Presentation in Tokyo January 24
How to change the world: Sunlight, food, high expectations, and jazz

What's in a name?

Train You can learn a lot by looking around at the graphic design around you. As I road the subway yesterday in downtown Osaka, I came face to face with this Mcdonald's ad posted to the inside glass of the train (below). When you see this, what comes to mind? I sometimes jumble letters at first glance so what I "saw" in that first instant was not McWrap but "M-crap." The c-r-a-p stood out to me. Perhaps because the company—which has 10,000 stores in the USA and over 17,000 more in 171 countries—is often the object of culinary ridicule (not all of it fair), I found the product name and the text placement in this ad to be just tad ironic. I'm not the only one. Many visitors to Japan are now adding McWrap to other local product names that give them pause, such as Pocari Sweat (sports drink), Creap (non-dairy creamer), and Pecker Mechanical Pencils.


A tip for Mickey-D's — never but your "M-c" anywhere near an "r-a-p."


At a glance, this is how I first saw the sign. Perhaps this is due to the placement of the "c" above the "r"?

The product name in Japanese (the katakana below the English type) is pronounced "Makkurappu" which sort of sounds like "Mac Wrap" but it sounds something close to "Mai Crapu" as well to non-Japanese speakers (listen for yourself). And even if you pronounce it "McWrap" perfectly in English? Well, say that three times fast. The name is not really inappropriate, however, for Japan; it's easy to say. And Snack Wrap—the original name used in some English-speaking countries—couldn't be used as "Snack" doesn't work for several reasons for this product in Japan. The only problem I see is the placement of the "c" in proximity close to the "rap."  In the urban dictionary you can find two enteries for "McCrap." This is not a knock against Mcdonald's at all, but it seems that the firm would want to avoid making it easy for detractors to use this unfortunate Mc-monicker, even overseas.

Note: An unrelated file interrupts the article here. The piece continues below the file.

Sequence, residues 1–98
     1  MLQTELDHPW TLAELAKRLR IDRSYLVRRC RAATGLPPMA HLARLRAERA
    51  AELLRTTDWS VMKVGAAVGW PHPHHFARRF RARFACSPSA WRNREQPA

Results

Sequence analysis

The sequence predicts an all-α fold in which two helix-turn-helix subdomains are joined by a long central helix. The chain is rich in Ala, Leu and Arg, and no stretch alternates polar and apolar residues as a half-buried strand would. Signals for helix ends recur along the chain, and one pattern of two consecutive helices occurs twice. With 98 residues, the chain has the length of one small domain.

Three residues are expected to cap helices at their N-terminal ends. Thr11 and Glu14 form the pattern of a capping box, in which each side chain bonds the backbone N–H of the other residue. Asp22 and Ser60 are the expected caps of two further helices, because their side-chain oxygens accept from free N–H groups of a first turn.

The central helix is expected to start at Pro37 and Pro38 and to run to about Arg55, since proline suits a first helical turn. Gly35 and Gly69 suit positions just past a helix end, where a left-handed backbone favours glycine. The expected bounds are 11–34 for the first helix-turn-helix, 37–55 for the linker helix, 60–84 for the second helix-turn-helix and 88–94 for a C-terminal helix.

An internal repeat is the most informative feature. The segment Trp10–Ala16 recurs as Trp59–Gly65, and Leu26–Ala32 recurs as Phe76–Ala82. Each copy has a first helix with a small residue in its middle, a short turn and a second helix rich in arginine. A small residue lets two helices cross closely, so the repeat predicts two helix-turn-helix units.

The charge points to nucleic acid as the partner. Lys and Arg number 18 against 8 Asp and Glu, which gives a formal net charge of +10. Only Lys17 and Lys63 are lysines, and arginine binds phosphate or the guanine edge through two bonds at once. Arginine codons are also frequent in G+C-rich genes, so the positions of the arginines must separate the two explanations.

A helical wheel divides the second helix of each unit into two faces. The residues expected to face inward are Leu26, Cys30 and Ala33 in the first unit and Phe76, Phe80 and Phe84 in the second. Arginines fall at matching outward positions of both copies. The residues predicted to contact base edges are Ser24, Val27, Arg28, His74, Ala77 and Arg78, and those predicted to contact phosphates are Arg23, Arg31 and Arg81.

Promo_2 As I investigated McWrap further in Japan I found that they got help from one of Japan's top hip-hop groups, Rip Slyme. So what happens when you put Rip Slyme and McWrap together? You get Wrap Slyme. I know what you're thinking—yum. If the association with "crap" didn't wet your appetite for the product, perhaps the connection with "slyme" will. (Who are Rip Slyme? Here's a sample video. Not for young kids...).


Clearly this campaign, product name, and graphical treatments are for the Japanese market only. And for this market—where the brand is still cool and very popular—it is just fine. But when we try to imagine this name and this design being used in an English speaking country where the brand often has to deal with jokes, we can see how this particular name and placement of the text—not to mention the Wrap Slyme promo—would not work well. There is nothing wrong with the name, or any of the promotion so long as it is contained in Japan. Still, it's a small reminder just how important naming is and how much little things like the placement of text in a simple design can matter.

History of Snack Wrap
Mcdonald's Japan website on McWrap
A video from Japan to the Max, a humorous video site run by an Australian graphic designer in Japan. In this video, he makes a Rammstein-style heavy rock song using the names of Japanese snack products as lyrics.
Info in Japanese about the promotion with Rip Slyme


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